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swimmers itch
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Swimmer’s Itch

You can get this rash, also called cercarial dermatitis, in fresh or saltwater. It's a reaction to a tiny parasite that burrows into your skin. It starts with infected snails, and you're more likely to run into them in shallow areas near the shore. The best way to avoid it is to stay away from marshy places where snails live. And always towel off or shower when you’re done swimming.

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leptospira
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Leptospirosis

You can come across the bacteria that cause this illness in lakes and rivers -- they get there through the urine of infected animals. The germs go into your body through your eyes, nose, mouth, or a cut. Symptoms include diarrhea, red eyes, headache, fever, and jaundice (yellowish skin or eyes caused by a problem with your liver). It’s more common in warmer climates, and recent heavy rains and flooding make it more likely.

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naegleria fowleri
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Naegleria fowleri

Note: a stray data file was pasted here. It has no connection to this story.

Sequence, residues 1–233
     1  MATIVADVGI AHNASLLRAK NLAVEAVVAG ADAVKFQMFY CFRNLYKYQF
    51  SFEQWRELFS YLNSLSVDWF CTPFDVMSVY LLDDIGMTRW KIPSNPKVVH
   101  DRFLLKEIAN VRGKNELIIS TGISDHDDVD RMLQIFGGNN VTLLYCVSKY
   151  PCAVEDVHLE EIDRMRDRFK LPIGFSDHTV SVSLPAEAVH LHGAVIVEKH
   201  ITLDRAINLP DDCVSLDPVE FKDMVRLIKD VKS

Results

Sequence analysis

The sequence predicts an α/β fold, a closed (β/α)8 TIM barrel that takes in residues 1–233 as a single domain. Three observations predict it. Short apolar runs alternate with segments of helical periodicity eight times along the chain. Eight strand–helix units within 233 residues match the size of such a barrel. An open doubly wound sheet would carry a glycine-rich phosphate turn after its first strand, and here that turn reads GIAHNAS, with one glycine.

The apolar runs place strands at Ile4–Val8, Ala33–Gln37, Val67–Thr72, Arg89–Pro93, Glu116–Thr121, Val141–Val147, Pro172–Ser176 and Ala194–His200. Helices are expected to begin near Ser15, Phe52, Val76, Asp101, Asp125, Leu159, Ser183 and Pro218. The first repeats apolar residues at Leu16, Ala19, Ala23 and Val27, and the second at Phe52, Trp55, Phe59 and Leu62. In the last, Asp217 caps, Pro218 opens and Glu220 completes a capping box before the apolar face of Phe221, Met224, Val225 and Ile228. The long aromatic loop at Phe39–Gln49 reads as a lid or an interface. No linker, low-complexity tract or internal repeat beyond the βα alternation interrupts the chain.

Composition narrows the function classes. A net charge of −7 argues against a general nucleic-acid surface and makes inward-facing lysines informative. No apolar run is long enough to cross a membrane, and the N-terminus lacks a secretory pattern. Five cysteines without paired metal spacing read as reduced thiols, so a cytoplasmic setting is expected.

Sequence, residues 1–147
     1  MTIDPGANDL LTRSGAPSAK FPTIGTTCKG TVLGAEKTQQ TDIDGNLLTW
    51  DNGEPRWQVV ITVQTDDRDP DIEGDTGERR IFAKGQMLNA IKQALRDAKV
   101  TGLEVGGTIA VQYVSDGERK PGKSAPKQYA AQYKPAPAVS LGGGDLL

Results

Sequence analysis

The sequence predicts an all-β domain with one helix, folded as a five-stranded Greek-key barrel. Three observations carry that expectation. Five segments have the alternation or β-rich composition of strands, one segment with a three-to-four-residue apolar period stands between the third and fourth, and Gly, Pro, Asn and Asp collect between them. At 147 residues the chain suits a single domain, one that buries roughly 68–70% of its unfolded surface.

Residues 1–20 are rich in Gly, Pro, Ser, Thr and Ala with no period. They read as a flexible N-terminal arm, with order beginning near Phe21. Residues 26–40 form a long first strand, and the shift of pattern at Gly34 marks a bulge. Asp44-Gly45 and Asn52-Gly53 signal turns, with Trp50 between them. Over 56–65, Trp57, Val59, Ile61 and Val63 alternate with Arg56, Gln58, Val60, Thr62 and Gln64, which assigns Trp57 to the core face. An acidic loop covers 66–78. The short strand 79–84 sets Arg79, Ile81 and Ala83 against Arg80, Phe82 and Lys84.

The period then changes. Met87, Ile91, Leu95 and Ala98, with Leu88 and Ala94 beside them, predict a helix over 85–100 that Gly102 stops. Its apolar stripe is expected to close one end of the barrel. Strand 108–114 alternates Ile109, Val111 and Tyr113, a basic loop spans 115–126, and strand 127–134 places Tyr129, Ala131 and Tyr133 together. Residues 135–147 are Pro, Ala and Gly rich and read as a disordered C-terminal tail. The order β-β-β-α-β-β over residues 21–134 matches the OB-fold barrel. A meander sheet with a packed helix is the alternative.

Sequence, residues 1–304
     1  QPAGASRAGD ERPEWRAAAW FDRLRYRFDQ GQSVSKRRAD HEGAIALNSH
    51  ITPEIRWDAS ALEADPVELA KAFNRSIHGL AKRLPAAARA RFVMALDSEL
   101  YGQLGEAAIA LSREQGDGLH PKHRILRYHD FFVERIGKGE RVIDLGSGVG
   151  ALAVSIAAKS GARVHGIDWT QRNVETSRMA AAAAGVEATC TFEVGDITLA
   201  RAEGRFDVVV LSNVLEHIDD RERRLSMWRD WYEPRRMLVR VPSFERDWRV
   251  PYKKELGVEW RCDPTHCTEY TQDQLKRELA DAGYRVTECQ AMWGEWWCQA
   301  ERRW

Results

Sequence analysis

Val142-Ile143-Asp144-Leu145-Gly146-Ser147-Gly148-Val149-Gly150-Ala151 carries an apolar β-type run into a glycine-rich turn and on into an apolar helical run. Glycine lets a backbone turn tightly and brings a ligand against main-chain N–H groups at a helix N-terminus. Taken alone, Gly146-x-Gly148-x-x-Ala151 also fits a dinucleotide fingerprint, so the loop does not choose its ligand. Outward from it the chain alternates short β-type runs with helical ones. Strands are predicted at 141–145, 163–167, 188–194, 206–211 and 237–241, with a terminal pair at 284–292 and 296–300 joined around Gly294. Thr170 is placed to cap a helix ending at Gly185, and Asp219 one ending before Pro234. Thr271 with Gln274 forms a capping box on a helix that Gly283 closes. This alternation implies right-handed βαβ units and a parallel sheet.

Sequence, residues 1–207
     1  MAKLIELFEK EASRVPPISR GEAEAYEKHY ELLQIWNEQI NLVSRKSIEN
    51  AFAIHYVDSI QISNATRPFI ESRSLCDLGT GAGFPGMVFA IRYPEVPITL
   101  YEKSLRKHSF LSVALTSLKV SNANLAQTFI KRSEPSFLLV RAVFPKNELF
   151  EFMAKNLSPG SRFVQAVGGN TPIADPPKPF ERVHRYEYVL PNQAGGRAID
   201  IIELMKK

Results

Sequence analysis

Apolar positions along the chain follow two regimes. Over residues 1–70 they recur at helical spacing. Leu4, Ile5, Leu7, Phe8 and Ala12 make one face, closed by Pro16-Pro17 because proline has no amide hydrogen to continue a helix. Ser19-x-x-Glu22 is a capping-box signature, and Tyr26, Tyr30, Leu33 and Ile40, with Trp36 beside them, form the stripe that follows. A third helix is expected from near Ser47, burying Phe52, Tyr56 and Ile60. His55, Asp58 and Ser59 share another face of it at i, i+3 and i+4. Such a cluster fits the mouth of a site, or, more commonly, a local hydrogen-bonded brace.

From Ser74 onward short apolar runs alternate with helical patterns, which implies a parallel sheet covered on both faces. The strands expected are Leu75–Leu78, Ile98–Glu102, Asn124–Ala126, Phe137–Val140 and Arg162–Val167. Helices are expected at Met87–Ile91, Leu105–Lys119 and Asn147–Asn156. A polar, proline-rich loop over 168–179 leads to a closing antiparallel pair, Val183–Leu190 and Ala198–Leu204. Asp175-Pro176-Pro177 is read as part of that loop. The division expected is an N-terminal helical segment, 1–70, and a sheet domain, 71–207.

This tiny organism, found in warm freshwater spots like lakes, rivers, and hot springs, is sometimes called the “brain-eating amoeba.” It can get in your nose when you swim in contaminated water. Once it’s in your body, it destroys tissue and is almost always fatal. Infections are very rare in the U.S. -- there are only about three each year. To cut your risk, hold your nose closed, use nose clips, or keep your head above water.

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vibrio vulnificus
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Vibriosis

If you swim in the ocean when you have a cut, scrape, or recent tattoo, certain organisms that live in warm coastal waters can get in your wound and cause an infection. One type, vibrio vulnificus, is sometimes called “flesh-eating bacteria.” It’s very rare, but it can cause skin ulcers and lead to serious problems, especially if your immune system is weak.

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conjunctivitis
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Conjunctivitis

When it’s caused by germs, it’s very contagious, and you can get it by swimming in the same pool as someone who has it. This condition, also known as pinkeye, makes your eyes swell, turn red, and leak a watery yellow fluid. It can be caused by chemicals, too, and the chlorine in pools can sometimes lead to a mild version.

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people in pool
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Chemicals